How the selective exposure bias predicts negative opinions on diversity

Most people prefer to consume information aligned with their pre-existing beliefs rather than confronting views, even if it comes at a personal cost. Recent research shows this bias can affect their future opinions on diversity.

Jonas De keersmaecker
Katharina Schmid

Research by Esade’s Jonas De keersmaecker and Katharina Schmid has found that the presence of selective exposure bias (the act of choosing to consume information aligned with pre-existing beliefs) can be used to predict negative beliefs over time, with those opposed to diversity more likely to strengthen their opinions.  

And, while the study found that people in favor of diversity were more likely to select material which confirmed their views, the bias they displayed did not lead to any changes in future beliefs.  

The results suggest that negative opinions originate from a bias which leads people to avoid consuming more positive information over time, rather than ideological differences

The study of Spanish citizens, which appeared in Psychonomic Bulletin & Review, provides important context to the debate around cognitive bias and its impact on political attitudes. It also highlights the obstacles organizations face in the successful implementation of diversity policies and initiatives. 

Aligning beliefs

Previous research has confirmed the existence of selective exposure bias and found it to be stronger in political issues than other areas. Following their study, De keersmaecker and Schmid argue that it also plays a major role in shaping diversity beliefs. Beliefs are a strong driver of behavior. When people seek out newspapers and current affairs shows that support their beliefs, it helps to justify their actions and choices.  

Negative opinions on diversity originate from a bias which leads people to avoid consuming positive information

There is also a social aspect at play. Political views are often shared by friends and family; consuming information which justifies these views helps people to align and maintain their thinking and behavior with those close to them. 

However, there is a danger that seeking out information to confirm political beliefs could lead to increasing levels of extremism. When people lack trust in the mainstream news sources which challenge their views, they can somewhat ironically turn to news and information from unverified and unreliable sources. When consumed online, content algorithms can lead people to increasingly extreme views.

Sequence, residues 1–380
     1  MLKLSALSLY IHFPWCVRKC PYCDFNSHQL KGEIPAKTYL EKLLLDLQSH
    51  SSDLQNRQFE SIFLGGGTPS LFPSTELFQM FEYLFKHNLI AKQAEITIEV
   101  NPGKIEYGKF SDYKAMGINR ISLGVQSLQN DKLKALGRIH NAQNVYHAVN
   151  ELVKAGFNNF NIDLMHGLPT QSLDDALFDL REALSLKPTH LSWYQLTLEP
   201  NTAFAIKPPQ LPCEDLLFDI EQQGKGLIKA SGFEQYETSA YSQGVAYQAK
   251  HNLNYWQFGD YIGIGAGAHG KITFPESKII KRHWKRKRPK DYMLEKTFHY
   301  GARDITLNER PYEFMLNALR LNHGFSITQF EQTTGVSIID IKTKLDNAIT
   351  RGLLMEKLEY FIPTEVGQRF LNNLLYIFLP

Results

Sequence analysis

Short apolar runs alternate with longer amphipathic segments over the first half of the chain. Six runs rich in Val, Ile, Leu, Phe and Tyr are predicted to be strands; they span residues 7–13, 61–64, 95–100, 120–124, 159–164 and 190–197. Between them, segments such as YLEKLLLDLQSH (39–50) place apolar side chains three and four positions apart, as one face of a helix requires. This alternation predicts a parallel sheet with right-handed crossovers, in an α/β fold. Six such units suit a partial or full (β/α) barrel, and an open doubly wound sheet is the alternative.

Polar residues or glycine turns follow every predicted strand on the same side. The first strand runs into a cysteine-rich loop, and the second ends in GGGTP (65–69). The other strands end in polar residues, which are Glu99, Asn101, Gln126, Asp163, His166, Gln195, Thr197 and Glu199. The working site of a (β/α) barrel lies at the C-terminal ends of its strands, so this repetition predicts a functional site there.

The price of change

While researchers agree that the potential for extremism exists in selective exposure bias, little has been known about its impact on future beliefs or behaviors — until now.  

De keersmaecker and Schmid analyzed the effect on the diversity beliefs of Spanish citizens using data collected at two points, five months apart.  

The participants were offered a cash incentive to assess what would motivate them to read opposing views. First, they were asked if they were for or against increasing help to refugees entering Spain. They were then offered a cash prize of €10 to read and answer questions based on material that challenged their opinion, or €7 to read and answer questions based on material which confirmed it. Five months later, their diversity beliefs were tested again to control any changes over time

Predicting bias

Unlike previous studies, rather than presenting participants with content that either confirmed or challenged their beliefs, no content was presented. They were simply asked what they were prepared to read in light of the incentive offered.  

This way, the researchers were able to measure the effects of people’s predisposition to consume biased information, rather than the impact of the information itself.  

People will affirm their beliefs by choosing confirmatory information, even if it comes at a personal cost

The results revealed that most people will affirm their beliefs by choosing confirmatory information, even if it comes at a personal cost. The researchers were also able to predict the future views of participants who displayed an anti-diversity stance. However, displaying a selective exposure bias did not impact the future views of those who were pro-diversity. 

The findings, say the researchers, highlight the need to understand the consequences, rather than presence, of bias in the political arena

Impact on diversity initiatives

The study by De keersmaecker and Schmid confirms not only that people display a determination to avoid consuming information which does not align with their current beliefs, but also that this avoidance has an impact on future negative beliefs.  

The research offers some important lessons for organizations who want to improve success of diversity policies and initiatives. To avoid this refusal to engage, De keersmaecker and Schmid suggest that pro-diversity initiatives should be designed and presented in a way which ensures groups with opposing beliefs come together, rather than allowing them to form their own self-confirming circles. 

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